WMATA completes first new faregate installation

Aug. 25, 2021
The new faregates at Potomac Avenue and Federal Center SW are the first in a systemwide replacement project aimed at easing access to the Metrorail system.

The Washington Metropolitan Area Transit Authority (WMATA) has completed installation of new faregates at the Potomac Avenue and Federal Center SW Metrorail stations. The new faregates are the first of a systemwide initiative to replace and upgrade aging faregate technology.

WMATA will replace all 1,200 faregates at its 91 existing stations and six new stations to maintain a state of good repair and improve the customer experience. The authority says the new faregates allow for quicker and easier access to the Metrorail system, feature larger displays and include enhanced safety features such as improved motion sensors.

Work to replace the gates is occurring during non-business hours and involves removing the old faregates, running new cables, upgrading power infrastructure where necessary and installing new kiosk equipment before the new faregates can be installed. WMATA says the new faregates undergo comprehensive testing prior to being put into service.

A pilot project began in June 2021 at six stations to help customers familiarize themselves with the new gates. WMATA is currently working to replace faregates at 13 additional stations with work expected to be completed at the Eastern Market and Forest Glen stations in the next week.

WMATA’s current faregates were installed in the 1990s when the authority’s original SmartTrip card was introduced. The new faregates will require the replacement of these first generation of smart cards, issued in 2012 or earlier, due to outdated chip technology.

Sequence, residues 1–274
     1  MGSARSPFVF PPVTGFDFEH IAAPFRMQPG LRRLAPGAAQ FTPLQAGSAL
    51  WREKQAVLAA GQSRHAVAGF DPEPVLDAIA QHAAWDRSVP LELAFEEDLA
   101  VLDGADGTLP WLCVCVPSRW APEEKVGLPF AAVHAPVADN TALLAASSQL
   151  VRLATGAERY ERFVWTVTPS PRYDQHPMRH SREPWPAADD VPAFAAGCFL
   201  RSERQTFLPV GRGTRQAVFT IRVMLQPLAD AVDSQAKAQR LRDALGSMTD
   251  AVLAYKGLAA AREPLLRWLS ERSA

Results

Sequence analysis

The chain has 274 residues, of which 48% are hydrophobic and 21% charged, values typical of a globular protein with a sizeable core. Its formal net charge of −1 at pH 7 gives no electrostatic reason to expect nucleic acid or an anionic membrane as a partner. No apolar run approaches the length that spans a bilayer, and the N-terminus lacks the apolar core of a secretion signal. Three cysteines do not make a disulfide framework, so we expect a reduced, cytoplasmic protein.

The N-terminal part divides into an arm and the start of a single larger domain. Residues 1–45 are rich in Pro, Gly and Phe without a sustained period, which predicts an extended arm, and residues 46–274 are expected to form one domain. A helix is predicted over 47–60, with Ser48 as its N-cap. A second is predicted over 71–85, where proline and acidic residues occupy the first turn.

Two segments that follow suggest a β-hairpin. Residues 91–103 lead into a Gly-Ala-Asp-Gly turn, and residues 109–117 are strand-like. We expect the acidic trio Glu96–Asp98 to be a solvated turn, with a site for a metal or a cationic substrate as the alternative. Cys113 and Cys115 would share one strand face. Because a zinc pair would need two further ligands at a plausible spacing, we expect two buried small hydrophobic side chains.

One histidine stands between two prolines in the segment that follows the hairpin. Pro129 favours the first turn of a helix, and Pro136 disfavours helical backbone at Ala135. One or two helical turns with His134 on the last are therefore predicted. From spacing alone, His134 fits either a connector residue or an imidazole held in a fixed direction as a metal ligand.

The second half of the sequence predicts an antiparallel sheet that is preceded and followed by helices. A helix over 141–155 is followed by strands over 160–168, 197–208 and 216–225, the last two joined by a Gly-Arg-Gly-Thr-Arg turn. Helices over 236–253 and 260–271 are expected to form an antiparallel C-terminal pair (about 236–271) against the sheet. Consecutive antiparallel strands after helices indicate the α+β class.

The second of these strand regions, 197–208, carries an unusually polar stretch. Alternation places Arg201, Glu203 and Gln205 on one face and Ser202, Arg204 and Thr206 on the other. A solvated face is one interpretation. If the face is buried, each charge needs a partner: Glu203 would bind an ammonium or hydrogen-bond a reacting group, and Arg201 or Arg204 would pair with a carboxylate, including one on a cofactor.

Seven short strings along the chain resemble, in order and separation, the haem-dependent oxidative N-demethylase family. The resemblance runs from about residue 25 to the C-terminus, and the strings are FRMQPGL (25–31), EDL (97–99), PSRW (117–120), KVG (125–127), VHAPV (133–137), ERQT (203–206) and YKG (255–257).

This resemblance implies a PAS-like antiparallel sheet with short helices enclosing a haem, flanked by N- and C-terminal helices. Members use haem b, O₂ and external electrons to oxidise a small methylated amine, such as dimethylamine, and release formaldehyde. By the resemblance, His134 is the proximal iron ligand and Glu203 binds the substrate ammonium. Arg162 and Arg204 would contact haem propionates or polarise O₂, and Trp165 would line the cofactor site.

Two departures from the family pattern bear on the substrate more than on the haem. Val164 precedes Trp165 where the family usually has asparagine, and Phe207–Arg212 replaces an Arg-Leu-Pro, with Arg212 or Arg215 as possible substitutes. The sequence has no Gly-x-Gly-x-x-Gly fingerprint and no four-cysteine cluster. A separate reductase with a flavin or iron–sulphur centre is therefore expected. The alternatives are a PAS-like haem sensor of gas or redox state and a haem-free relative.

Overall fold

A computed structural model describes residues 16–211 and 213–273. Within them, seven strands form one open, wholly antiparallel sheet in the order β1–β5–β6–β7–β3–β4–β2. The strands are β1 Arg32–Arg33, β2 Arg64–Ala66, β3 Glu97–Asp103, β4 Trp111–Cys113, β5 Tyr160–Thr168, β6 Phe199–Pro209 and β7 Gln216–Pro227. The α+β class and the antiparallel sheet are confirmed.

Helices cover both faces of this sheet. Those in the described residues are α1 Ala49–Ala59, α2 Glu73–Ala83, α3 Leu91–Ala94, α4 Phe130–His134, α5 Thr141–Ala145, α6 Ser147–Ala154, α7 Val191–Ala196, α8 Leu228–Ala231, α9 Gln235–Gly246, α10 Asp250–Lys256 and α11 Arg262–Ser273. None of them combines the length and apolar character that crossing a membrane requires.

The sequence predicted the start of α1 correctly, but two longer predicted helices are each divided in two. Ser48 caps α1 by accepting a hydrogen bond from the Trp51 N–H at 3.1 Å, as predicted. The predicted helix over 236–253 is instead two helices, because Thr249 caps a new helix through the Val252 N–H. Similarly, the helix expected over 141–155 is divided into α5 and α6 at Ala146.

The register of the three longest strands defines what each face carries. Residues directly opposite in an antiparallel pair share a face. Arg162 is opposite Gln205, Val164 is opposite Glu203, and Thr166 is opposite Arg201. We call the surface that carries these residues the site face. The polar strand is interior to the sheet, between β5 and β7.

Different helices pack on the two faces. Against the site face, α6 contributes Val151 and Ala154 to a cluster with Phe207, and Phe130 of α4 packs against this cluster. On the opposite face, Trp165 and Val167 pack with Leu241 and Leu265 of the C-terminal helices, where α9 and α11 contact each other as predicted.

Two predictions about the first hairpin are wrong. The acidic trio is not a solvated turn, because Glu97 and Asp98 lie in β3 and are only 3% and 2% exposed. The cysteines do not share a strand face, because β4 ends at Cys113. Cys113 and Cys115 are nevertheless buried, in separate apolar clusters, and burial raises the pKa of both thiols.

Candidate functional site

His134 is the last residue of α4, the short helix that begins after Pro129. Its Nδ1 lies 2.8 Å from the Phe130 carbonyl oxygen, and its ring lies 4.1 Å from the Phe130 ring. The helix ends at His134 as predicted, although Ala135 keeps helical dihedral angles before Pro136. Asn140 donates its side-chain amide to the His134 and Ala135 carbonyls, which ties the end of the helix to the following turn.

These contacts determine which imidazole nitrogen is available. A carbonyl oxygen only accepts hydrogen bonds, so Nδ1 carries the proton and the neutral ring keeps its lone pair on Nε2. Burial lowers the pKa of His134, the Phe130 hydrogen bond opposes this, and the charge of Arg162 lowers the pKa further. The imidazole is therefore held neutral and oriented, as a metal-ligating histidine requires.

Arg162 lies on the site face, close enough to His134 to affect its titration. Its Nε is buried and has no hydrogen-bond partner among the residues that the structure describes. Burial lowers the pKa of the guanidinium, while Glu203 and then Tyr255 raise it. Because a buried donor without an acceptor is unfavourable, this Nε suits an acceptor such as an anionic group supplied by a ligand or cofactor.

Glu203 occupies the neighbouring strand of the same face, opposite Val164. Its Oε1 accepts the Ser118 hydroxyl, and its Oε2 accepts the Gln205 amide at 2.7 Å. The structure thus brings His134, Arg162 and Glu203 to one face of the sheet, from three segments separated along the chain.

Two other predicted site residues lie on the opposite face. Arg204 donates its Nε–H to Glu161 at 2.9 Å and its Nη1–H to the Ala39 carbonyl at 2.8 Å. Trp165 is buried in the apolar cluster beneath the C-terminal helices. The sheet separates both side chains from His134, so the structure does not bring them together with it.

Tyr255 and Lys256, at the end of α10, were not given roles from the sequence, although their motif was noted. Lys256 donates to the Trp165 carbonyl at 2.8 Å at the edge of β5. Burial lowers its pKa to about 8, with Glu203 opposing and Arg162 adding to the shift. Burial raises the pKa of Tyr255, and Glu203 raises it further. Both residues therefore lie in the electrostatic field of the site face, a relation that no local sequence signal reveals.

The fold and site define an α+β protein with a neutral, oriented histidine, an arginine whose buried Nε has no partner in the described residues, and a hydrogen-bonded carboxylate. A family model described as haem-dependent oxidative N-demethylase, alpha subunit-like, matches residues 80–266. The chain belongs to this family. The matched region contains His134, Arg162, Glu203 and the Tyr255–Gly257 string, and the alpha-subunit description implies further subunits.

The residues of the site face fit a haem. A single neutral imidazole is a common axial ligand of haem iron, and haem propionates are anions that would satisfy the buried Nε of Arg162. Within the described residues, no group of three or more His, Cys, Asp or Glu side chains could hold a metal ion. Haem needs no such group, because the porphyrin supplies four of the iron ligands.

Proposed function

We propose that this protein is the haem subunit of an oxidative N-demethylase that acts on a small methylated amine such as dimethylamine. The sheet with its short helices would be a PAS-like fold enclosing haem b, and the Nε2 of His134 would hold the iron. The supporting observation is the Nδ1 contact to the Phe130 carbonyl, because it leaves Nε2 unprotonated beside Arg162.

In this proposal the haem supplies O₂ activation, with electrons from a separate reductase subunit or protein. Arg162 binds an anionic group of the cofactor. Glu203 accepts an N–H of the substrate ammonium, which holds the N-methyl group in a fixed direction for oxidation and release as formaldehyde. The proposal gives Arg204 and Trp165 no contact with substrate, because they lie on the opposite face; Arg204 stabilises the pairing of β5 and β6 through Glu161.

About the Author

Mischa Wanek-Libman | Group Editorial Director

Mischa Wanek-Libman serves as editor in chief of Mass Transit magazine and group editorial director of the Infrastructure and Aviation Group at Endeavor Business Media. She is responsible for developing and maintaining the editorial direction of the group and is based in the western suburbs of Chicago.

Wanek-Libman has spent more than 20 years covering transportation issues including construction projects and engineering challenges for various commuter railroads and transit agencies. She has been recognized for editorial excellence through her individual work, as well as for collaborative content. 

She is an active member of the American Public Transportation Association's Marketing and Communications Committee and serves as a Board Observer on the National Railroad Construction and Maintenance Association (NRC) Board of Directors.  

She is a graduate of Drake University, where she earned a Bachelor of Arts degree in Journalism and Mass Communication with a major in magazine journalism and a minor in business management.

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